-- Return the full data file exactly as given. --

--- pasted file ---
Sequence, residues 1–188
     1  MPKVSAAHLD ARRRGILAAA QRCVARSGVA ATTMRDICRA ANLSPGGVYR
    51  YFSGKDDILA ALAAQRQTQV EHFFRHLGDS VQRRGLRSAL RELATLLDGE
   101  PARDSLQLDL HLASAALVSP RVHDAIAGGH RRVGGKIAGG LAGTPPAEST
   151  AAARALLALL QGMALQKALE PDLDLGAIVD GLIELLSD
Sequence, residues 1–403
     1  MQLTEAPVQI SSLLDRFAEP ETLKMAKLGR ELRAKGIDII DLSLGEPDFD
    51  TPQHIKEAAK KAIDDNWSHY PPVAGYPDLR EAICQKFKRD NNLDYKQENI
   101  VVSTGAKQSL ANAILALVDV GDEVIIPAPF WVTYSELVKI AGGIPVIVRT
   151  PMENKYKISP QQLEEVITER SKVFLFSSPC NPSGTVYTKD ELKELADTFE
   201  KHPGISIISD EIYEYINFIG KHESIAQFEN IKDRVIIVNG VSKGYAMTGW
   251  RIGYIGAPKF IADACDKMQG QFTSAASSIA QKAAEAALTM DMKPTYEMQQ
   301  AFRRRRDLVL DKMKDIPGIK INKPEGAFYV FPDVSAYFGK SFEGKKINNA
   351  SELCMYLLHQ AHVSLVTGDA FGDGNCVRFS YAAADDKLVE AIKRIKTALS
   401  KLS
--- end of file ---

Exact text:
Sequence, residues 1–188
     1  MPKVSAAHLD ARRRGILAAA QRCVARSGVA ATTMRDICRA ANLSPGGVYR
    51  YFSGKDDILA ALAAQRQTQV EHFFRHLGDS VQRRGLRSAL RELATLLDGE
   101  PARDSLQLDL HLASAALVSP RVHDAIAGGH RRVGGKIAGG LAGTPPAEST
   151  AAARALLALL QGMALQKALE PDLDLGAIVD GLIELLSD
Sequence, residues 1–403
     1  MQLTEAPVQI SSLLDRFAEP ETLKMAKLGR ELRAKGIDII DLSLGEPDFD
    51  TPQHIKEAAK KAIDDNWSHY PPVAGYPDLR EAICQKFKRD NNLDYKQENI
   101  VVSTGAKQSL ANAILALVDV GDEVIIPAPF WVTYSELVKI AGGIPVIVRT
   151  PMENKYKISP QQLEEVITER SKVFLFSSPC NPSGTVYTKD ELKELADTFE
   201  KHPGISIISD EIYEYINFIG KHESIAQFEN IKDRVIIVNG VSKGYAMTGW
   251  RIGYIGAPKF IADACDKMQG QFTSAASSIA QKAAEAALTM DMKPTYEMQQ
   301  AFRRRRDLVL DKMKDIPGIK INKPEGAFYV FPDVSAYFGK SFEGKKINNA
   351  SELCMYLLHQ AHVSLVTGDA FGDGNCVRFS YAAADDKLVE AIKRIKTALS
   401  KLS